The issue with using IVs as confounders persists in the nonlinear setting: adjusting for IVs as if they were confounders amplifies existing bias none and could even introduce bias where none previously existed [38, 39]. Amplification is for the same reasons as the linear setting while introducing bias occurs when the IVs are dependent on the outcome given the treatment [65]. Though Ding et al. do find specific situations where this bias was not present under their proposed monotonicity conditions for the treatment selection and outcome model.
A primary challenge for standard IVs methods is that 2SLS misspecifies a nonlinear functional form in the case where we have a binary treatment. Nevertheless, analysts still may utilize 2SLS in nonlinear settings such as through LPMs. Simulations have shown that LPM can produce low inconsistency in the estimates of the LATE [66]. A counterpart of 2SLS, twostage residual inclusion (2SRI), where one takes the residuals from the first stage as a covariate in the second stage, did not perform nearly as well. Furthermore, claims that nonlinear 2SRI, (using a probit model for example) are able to recover the ATE (as opposed to the LATE) are questionable [67]. Quantifying the effect of IV method misspeficiation relative to the confounder methods is an avenue of research.
Intuitively, using LPMs appears inappropriate as there is nothing preventing prediction of values that are outside of the interval [0, 1], which leads to bias and inconsistency of LPM estimates. However, if the population of interest only has probabilities between a certain range not close to 0 or 1, then this will seldom be an issue because we will not have errant predicted values. Thus, LPMs will be consistent and unbiased [68]. One could also argue if there are true probabilities that are 0 or 1, then we have a positivity violation and propensity score methods, whether they use a logit, probit, or LPM to calculate propensity scores, will also run into issues. One solution for any method is to truncate probabilities but this will be at the cost of bias for the original causal effect.
We can rarely mimic the 2SLS substitution procedure with nonlinear models, such as twostage probit, and maintain consistency for the treatment effect (such an action is called “forbidden regression”) [23]. Instead, one can consider a threestep procedure: fit the firststage with a nonlinear model, regress the predicted values on the treatment in OLS excluding the IVs, and, lastly, fit the second stage with a linear or nonlinear model.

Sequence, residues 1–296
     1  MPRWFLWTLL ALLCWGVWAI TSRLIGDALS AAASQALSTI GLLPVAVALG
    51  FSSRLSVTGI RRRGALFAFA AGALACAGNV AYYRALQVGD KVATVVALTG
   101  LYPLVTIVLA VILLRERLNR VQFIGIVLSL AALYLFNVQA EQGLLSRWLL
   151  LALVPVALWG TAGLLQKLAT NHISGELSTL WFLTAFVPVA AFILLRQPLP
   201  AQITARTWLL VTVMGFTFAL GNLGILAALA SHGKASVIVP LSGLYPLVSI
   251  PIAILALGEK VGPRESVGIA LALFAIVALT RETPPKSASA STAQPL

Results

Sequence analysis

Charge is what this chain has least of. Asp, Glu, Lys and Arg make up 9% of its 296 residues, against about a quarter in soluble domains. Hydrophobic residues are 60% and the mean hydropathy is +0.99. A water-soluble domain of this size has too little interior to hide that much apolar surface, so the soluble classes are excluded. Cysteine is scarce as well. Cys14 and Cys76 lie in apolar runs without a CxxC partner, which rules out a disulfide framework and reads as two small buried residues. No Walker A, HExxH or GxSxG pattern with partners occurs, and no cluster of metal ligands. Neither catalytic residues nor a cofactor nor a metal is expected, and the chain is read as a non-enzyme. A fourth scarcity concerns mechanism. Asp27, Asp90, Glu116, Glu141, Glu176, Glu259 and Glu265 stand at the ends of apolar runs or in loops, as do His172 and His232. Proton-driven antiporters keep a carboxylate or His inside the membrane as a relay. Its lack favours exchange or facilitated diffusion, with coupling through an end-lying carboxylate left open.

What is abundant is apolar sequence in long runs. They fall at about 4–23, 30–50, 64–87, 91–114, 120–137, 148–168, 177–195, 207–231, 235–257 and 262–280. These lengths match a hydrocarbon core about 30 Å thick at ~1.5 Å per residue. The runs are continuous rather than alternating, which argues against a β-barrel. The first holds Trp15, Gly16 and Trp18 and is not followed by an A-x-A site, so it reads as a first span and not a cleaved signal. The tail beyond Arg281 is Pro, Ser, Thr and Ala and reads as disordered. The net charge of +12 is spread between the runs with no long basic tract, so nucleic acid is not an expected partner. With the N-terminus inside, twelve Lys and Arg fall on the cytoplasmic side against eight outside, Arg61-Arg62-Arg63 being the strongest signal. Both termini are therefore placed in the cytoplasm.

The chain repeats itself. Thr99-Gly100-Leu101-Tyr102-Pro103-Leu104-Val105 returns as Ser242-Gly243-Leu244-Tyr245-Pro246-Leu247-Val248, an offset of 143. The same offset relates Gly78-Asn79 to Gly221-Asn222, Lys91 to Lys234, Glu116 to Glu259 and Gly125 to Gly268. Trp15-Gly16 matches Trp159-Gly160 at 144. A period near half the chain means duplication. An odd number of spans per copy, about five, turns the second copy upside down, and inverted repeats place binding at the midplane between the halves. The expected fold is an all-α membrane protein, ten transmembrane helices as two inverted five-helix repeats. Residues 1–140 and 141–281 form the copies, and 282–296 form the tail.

Flexible confounder and IV methodology
Recent developments in causal inference methodology have been mostly focused on relaxing assumptions on common approaches like OLS, IPTW, and 2SLS. These developments are predominately motivated by the wish to reduce the impacts of model misspecification and the view that many subtasks of estimation are primarily predictionbased, allowing for more flexible modeling using ML. Another motivation that we will not discuss is sparsity (e.g. incorporating more confounders or IVs than observations). We will cover three approaches: targeted minimum lossbased estimation (TMLE), PostLASSO (PL), and double machine learning (DML) [10, 12, 69].
TMLE improves upon AIPTW by modeling nuisance quantities flexibly in addition to achieving double robustness. Nuisance quantities are needed to calculate the treatment effect but are not of direct interest to the research question. For example, the propensity score can be considered a nuisance quantity. By using ML and a “targeting step,” we can avoid nuisance quantity misspecification and optimize the biasvariance tradeoff for the ATE [70, 71]. To estimate nuisance quantities, TMLE includes crossvalidationoptimized weighting ensemble of ML algorithms (e.g. penalized regression, random forest, gradient boosted trees) and “crossfitting.” Crossfitting bears some similarities to crossvalidation in that “outofsample” data, or partitions of the data not used to fit models, is utilized to reduce overfitting. In addition, crossfitting allows one to avoid proving complicated Donsker conditions for asymptotic normality [72]. In addition, TMLE offers some robustness in nearviolations of the positivity assumption.
Briefly, the estimation procedure of TMLE is as follows. Let D represent the assignment of a binary treatment and \({\textbf {X}}\) a set of confounders. First, perhaps using ML, we use the confounders to fit initial models for treatment assignment and outcome: \(g(D,{\textbf {X}})\) and \(\bar{Q}^0(D,{\textbf {X}})\), respectively. Following this, we combine predictions from these equations along with a fluctuation parameter \(\epsilon\) to give us doublerobustness and local efficiency. Now, we will update the outcome equation to \(\bar{Q}^1(D,\varvec{X})\) and then estimate the ATE using a “plugin” estimator of the form